- Physical Description: The heron is a large, thin bird with a long, narrow neck that can be pulled back into an S shape. The legs are delicate with four-toed feet, three pointing forward and one back. Herons look similar to egrets, but are much bigger. The great blue heron measures approximately 46 inches long, has a wingspan of about 70 inches, and weighs roughly 5 pounds.
- Geographic Distribution: Heron species are found worldwide except for Antarctica. Many species are migratory. The great blue heron, the most common species in North America, is found in southeast Canada, all of the United States, and Central America. The great white heron, the white equivalent of the great blue, is found in southern Florida, the Caribbean, and the Yucatan
- Environment: The great blue heron is mainly found in coastal areas and by inland lakes.
Myths, Folklore, and Cultural Associations
One of the folk names for the heron is “henshaw.” When Hamlet said he could still tell a hawk from an handsaw (a corruption of “henshaw”), he meant he could distinguish between a hawk and a heron, two birds that were said to be enemies.
Indian folklore says that a heron landing on your house is a sign of good fortune.
One of Aesop’s fables tells of a heron that strolled next to a river in shadow, watching for food. It passed up several small fish, and ended up going hungry when the sun slowly shifted, and the fish moved to cooler water, out of the heron’s reach. The moral indicates that waiting for something better may put you in a position where you end up with nothing.
Omens and Divinatory Meaning
Seeing a heron can be a message to be patient and to choose the correct moment. Stand, watch, and ambush when your moment arrives. On the other hand, waiting too long, like the heron in the Aesop’s fable, means you can miss your opportunity.
The heron wades through water, stirring up silt and mud to find food. Sometimes you have to stir up some dirt in order to get information to rise. The heron may also be telling you to do some legwork in order to turn something up. Things don’t just come your way; you need to get out there and put in the basic effort to lay the groundwork for future success.
Associated energies: Patience, self-reliance, observation, focus, concentration
Associated seasons: Summer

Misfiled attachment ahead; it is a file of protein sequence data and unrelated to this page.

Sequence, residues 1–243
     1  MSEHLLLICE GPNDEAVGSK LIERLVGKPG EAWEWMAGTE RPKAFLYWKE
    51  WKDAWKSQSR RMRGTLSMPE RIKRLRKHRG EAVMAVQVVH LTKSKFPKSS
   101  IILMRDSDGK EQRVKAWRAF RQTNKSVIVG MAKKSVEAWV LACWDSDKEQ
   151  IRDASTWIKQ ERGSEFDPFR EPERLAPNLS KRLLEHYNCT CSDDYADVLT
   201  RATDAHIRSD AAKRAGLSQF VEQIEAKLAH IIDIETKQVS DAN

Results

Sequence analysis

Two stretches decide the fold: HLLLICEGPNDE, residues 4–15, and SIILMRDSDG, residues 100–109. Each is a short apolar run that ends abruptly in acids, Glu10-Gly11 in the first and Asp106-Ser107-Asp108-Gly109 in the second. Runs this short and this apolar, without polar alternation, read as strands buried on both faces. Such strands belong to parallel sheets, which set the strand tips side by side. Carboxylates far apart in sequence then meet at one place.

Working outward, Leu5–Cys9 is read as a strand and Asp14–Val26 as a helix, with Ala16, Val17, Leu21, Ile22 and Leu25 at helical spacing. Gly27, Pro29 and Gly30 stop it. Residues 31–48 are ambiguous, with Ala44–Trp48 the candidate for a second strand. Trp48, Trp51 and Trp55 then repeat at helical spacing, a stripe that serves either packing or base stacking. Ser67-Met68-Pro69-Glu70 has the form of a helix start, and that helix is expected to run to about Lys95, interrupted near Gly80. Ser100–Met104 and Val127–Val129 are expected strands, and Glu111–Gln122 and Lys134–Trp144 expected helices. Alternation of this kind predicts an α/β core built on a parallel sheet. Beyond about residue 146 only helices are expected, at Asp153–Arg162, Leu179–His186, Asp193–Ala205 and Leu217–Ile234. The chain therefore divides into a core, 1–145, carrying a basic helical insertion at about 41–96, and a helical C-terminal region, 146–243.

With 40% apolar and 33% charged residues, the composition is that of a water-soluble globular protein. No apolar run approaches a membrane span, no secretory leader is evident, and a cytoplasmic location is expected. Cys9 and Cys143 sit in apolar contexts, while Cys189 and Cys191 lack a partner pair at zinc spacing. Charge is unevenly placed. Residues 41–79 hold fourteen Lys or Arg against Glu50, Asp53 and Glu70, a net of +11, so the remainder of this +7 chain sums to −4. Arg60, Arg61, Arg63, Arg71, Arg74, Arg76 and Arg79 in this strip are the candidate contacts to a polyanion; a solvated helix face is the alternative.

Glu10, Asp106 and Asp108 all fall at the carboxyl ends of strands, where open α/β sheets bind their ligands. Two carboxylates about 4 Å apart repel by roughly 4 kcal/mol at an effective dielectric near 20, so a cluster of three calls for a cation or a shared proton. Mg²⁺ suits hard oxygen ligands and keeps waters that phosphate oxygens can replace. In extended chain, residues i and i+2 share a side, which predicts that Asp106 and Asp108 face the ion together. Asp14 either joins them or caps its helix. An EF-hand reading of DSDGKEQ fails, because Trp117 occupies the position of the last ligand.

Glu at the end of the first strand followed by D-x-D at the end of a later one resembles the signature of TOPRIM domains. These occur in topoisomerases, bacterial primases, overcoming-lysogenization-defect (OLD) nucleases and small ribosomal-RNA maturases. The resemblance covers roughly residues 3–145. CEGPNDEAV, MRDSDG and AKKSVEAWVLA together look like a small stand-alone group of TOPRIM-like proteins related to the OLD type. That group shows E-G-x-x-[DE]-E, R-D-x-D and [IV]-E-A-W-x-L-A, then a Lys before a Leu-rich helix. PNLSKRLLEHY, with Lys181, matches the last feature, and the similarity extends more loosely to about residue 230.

Element association: Air, water
Color associations: Grey, white, blue, black, brown
REFERENCE: Birds, a Spiritual Field Guide, Explore the Symbology & Significance of These Divine Winged Messengers by Arin Murphy-Hiscock
“Do stuff. be clenched, curious. Not waiting for inspiration’s shove or society’s kiss on your forehead. Pay attention. It’s all about paying attention. attention is vitality. It connects you with others. It makes you eager. stay eager.”Susan Sontag
Let’s see what focus and concentration will help me achieve this weekend to complete 18 posts in the A2Z challenge. 😉 Expect bird posts in bulk. Sam’s Club meets Sa’s Club!
I used to see herons when I used to walk around White Rock Lake, a beautiful lake in Texas known for all sorts of wildlife. As the sun was setting, the water glistened as the herons glided across the water. It’s nice to go here when one needs a break for a few hours. The lake attracts all sorts of visitors: photographers, painters, joggers, hikers, body builders, bikers.
I think it’s funny that a flock of herons is called a “siege”. In relevance to the divinatory meaning, I take it to mean to surround your target and seize the opportunity when you have the chance!
“We know that attention acts as a lightning rod. Merely by concentrating on something one causes endless analogies to collect around it, even penetrate the boundaries of the subject itself: an experience that we call coincidence, serendipity – the terminology is extensive. My experience has been that in these circular travels what is really significant surrounds a central absence, an absence that, paradoxically, is the text being written or to be written.”Julio Cortázar, Around the Day in Eighty Worlds